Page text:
LGBT Movies: Red, White & Royal Blue (2023)

Alex, son of a U.S. President, and Henry, Prince of Wales, can’t stand each other. When a public dispute causes scandal, they are forced to pretend they are friends. Red, White & Royal Blue blends the premise of a Hallmark romcom with the softcore sex of a raunchier work. The screenplay streamlines Casey McQuiston’s novel, removing most of the conflict in the process. What’s left is a tasty piece of junk food that left me hungry for a meal.

Taylor Zakhar Perez is miscast as Alex. He’s a 30-something playing a 20-something who acts like a bratty teen. He can handle snarky banter. When it’s time for a heartfelt speech his wooden delivery is cringe worthy. Nicholas Galitzine is stronger as the brooding Henry. His inner struggles dance across his anguished face. The film wisely keeps the camera on him during Perez’s key monologues. Both men are gorgeous and throw themselves into their intimate scenes. They may not be soulmates but they convince as lovers.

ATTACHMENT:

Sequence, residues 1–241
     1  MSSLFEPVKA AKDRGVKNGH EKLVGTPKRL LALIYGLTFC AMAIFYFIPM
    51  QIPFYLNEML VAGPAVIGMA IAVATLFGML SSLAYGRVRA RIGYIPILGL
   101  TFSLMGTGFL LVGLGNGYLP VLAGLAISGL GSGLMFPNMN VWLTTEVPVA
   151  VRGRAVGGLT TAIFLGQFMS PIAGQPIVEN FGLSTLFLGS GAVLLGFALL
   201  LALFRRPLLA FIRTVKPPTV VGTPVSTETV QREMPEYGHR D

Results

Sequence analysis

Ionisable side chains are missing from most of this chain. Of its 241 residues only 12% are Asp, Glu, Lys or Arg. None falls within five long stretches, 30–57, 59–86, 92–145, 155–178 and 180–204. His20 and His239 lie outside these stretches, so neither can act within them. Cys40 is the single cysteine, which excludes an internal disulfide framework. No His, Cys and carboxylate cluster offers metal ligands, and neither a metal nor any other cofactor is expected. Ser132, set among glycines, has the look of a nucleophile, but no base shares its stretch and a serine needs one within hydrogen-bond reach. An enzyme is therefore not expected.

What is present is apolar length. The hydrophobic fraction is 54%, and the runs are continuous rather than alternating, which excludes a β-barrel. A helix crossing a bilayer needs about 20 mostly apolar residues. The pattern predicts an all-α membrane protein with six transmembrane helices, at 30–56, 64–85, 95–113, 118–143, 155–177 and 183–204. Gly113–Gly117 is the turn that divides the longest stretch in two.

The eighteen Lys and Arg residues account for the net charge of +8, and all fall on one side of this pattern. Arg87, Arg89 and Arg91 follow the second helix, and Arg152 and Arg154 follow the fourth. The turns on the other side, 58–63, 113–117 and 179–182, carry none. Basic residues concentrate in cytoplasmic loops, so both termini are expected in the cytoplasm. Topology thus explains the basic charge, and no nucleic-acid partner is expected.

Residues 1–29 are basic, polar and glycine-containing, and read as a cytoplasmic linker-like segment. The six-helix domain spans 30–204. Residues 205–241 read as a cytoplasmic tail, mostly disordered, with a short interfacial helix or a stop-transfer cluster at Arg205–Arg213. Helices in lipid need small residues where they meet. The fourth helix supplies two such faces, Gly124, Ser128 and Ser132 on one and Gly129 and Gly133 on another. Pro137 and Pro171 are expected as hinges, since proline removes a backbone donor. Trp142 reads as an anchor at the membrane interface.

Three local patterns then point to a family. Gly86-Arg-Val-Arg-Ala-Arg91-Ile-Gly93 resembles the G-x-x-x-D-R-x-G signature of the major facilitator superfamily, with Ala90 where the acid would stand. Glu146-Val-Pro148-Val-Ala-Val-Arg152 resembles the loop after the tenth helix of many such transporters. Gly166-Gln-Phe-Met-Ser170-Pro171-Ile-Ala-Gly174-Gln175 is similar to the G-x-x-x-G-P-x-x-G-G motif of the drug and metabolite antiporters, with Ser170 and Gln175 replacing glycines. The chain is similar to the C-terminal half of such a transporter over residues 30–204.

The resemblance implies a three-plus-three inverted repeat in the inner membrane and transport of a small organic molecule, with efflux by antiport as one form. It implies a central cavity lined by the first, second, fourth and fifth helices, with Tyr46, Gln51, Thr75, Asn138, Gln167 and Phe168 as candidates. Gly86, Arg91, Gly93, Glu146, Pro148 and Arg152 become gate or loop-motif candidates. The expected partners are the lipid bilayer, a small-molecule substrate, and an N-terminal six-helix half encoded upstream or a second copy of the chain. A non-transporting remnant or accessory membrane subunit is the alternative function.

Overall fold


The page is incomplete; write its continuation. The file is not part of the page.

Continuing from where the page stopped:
Producer Greg Berlanti indulges in luxury casting. Uma Thurman gives a campy performance as the bemused U.S. President. Stephen Fry lacks menace as the stern British monarch. That leaves Juan Castano (The Inheritance) to perform antagonist duties as a sleazy journalist. In smaller roles Rachel Hilson (Love, Victor) brings warmth as Alex’s confidante. Sarah Shahi sputters with rage as the overworked Deputy Chief of Staff.  

McQuiston began writing the novel in 2016. Its Democratic optimism reads differently in 2023. It’s set in a world where a female president with a queer bi-racial son can find common ground with red state voters. The film races through the political campaign scenes like its embarrassed by them. This makes the improbable climax fall flat. I’d recommend the film to fans of Love, Victor or Hallmark’s The Holiday Sitter. If you’re looking for something more sincere try Heartstopper. If you want something sharper check out Bros and Fire Island. Or wait for season three of Young Royals.

How to Get Away With Mordor’s review of the novel is here. You can find more of my reviews on The AvocadoLetterboxd and Serializd. My podcast, Rainbow Colored Glasses, can be found here.